Monday, April 25, 2016
ECM Maturity Markers
The Bell curve graph above is meant as a rough visual representation of the maturity of ECM. On the Y-Axis is ROI, on the X-Axis is Time. Some companies have more of a Long Tail graph. Some have a straight line that never achieves ROI.
The business is interview, given the heads up that change is coming.
Sets the stage for how the whole rollout will progress
Ex: Finance vs. HIM: the first project usually gets the most attention, the onsite vendor team, the full budget request, the flagship presence.
The project with the most bang for the buck is chosen and developed. The focus is on this project, regardless of the impact on other teams and systems.
It’s absolutely critical to get baseline measurements of the current processes. Measurements that highlight the FTEs involved with pushing paper, referencing multiple systems, etc.
Usually the ECM vendor or associated consulting group installs, configures and deploys the first implementation with a lot of fanfare. It might even get mentioned by the CIO.
Within a year, the initial consultant(s)/employee(s) will leave project or company. They are there to feed off the initial expense budget and leave to get on another budget train.
This is when the ECM manager attempts to execute as much of the ECM Roadmap as possible. As the ROI is realized, there are second and third waves of getting the most out of the investment. Licensing costs be scrutinized. Upgrades are delayed.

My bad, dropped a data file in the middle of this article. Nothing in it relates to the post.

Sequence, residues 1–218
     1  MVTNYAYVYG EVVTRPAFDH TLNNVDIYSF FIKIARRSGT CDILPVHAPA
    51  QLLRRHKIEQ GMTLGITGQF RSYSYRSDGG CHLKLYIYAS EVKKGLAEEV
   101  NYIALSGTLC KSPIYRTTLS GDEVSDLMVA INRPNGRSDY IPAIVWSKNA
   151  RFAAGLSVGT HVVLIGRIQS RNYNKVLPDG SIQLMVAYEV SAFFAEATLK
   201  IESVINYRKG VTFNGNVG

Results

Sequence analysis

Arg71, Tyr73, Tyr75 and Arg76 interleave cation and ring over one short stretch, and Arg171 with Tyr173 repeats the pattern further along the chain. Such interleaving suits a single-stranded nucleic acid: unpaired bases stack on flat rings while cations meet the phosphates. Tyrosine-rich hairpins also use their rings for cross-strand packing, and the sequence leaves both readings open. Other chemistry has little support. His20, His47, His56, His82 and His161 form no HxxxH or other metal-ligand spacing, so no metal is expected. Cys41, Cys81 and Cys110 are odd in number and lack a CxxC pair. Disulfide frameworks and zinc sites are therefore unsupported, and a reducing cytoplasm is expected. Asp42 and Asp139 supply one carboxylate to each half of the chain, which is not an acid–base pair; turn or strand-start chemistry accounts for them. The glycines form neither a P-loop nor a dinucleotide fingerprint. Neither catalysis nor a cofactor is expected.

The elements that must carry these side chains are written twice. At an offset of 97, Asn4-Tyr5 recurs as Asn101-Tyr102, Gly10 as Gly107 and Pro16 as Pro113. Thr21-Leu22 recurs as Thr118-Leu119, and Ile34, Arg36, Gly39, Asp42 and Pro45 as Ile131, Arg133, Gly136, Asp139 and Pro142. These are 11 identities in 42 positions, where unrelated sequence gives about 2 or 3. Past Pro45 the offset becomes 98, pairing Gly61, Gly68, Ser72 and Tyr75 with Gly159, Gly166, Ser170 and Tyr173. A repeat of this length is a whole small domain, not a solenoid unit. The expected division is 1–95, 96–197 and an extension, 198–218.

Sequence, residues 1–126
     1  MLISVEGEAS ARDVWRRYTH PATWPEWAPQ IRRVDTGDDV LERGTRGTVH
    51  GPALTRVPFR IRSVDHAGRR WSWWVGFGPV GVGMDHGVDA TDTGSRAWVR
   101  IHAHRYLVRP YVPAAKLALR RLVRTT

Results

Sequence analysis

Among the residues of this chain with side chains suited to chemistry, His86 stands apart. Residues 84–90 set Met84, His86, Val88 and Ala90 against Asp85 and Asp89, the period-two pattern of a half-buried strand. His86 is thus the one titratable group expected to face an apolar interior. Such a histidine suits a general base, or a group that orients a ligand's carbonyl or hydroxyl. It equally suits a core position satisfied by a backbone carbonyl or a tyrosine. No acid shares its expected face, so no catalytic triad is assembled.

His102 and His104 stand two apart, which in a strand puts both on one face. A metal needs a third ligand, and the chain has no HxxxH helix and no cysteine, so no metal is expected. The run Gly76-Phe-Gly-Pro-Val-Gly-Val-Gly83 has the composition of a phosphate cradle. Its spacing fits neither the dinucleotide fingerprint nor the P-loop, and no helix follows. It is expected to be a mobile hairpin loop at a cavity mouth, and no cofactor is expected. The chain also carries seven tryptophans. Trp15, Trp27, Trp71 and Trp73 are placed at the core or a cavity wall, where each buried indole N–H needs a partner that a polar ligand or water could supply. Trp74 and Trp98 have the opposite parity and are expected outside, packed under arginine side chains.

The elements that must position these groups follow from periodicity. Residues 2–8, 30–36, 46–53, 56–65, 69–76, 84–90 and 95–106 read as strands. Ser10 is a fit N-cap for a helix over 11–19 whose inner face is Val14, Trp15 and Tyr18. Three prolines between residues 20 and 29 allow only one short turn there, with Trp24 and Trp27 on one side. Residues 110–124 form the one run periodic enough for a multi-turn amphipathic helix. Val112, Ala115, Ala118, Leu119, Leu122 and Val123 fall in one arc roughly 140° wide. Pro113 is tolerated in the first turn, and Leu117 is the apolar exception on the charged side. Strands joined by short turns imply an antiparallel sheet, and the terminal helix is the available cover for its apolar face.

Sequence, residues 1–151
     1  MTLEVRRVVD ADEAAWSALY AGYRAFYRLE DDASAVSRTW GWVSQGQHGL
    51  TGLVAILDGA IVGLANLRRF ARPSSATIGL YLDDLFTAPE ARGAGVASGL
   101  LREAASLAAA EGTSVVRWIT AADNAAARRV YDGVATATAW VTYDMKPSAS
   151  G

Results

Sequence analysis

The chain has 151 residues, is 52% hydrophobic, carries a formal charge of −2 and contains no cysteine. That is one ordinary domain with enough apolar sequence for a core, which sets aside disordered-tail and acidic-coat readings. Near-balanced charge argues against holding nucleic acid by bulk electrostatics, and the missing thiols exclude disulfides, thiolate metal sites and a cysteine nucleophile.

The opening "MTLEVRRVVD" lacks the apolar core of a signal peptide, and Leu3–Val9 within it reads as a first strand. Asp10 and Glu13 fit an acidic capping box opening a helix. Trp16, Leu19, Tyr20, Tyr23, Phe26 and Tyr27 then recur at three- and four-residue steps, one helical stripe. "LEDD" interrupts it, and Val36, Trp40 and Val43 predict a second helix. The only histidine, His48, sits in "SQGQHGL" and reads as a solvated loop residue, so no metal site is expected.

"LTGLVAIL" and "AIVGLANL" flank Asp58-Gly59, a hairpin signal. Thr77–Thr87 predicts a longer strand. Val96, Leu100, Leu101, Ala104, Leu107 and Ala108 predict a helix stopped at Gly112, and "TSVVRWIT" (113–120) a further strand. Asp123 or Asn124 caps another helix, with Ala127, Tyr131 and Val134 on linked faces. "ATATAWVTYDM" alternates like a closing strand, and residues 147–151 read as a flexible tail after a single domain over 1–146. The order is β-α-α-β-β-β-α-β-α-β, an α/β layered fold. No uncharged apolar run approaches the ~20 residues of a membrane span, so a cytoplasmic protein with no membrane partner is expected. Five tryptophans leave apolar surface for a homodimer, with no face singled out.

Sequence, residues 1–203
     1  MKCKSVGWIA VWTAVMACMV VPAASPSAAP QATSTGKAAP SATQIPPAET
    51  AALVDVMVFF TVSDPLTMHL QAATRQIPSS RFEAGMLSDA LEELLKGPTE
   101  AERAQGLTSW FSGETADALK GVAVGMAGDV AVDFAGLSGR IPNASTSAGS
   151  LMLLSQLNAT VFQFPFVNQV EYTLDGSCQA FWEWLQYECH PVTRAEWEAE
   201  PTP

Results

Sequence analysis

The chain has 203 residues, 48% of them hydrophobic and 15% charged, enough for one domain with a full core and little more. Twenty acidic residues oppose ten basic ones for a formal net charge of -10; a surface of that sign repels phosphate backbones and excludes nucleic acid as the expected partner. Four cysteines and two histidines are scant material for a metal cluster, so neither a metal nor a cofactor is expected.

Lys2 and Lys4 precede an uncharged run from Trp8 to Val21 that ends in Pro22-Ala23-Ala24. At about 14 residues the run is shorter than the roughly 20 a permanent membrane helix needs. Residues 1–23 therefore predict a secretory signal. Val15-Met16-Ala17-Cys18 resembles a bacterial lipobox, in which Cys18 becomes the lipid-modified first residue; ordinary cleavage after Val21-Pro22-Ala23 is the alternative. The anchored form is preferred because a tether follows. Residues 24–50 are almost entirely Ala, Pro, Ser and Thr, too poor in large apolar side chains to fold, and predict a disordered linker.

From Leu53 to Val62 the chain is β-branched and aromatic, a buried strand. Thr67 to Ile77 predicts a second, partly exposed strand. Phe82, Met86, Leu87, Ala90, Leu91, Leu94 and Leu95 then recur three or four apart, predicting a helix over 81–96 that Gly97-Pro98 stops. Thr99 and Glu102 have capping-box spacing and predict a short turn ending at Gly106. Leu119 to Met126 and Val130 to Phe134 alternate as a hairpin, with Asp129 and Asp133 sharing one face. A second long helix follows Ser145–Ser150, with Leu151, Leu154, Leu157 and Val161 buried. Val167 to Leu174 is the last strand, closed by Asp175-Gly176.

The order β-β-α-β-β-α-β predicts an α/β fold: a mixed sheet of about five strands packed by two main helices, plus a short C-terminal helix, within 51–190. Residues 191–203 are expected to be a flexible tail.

In some cases, the roadmap is rewritten to expand the initial vision of ECM, in others it is reduced. If the ROI goal proves hard to reach, more projects may get started to reach it.
ECM suites are capable of serving as stop gap solutions to many different areas. As other systems labor on with obsolete technology, ECM can sweep in and save the day. As older systems are replaced, the documents and images need a relatively inexpensive place to be stored for retention. This is perfect for ECM.
All possible integrations are added to the solution that stream line the indexing and processing of the incoming content.
ECM is fully mature; its expansion is over. The original team is smaller. Most of the maintenance is routine.
The biggest issues are scaling for storage and performance. In large ECM systems this can be more and more of an issue. The original Roadmap usually doesn’t include plans for splitting up the repository that is now huge.
At some point, a director will make the case to move the system to the cloud. Because it is huge, the argument to move it might be a good one.
There will be a time when the shiny, new system becomes old and obsolete. The need to simplify and break apart the system becomes a necessity for survival . Technical advancements will become too glaring to ignore or workaround. Migration projects might start up to gradually dismantle the solution piece to move them into more modern systems.
As new technology pressures increase, it may be an option to put the system on life support and left for retention only.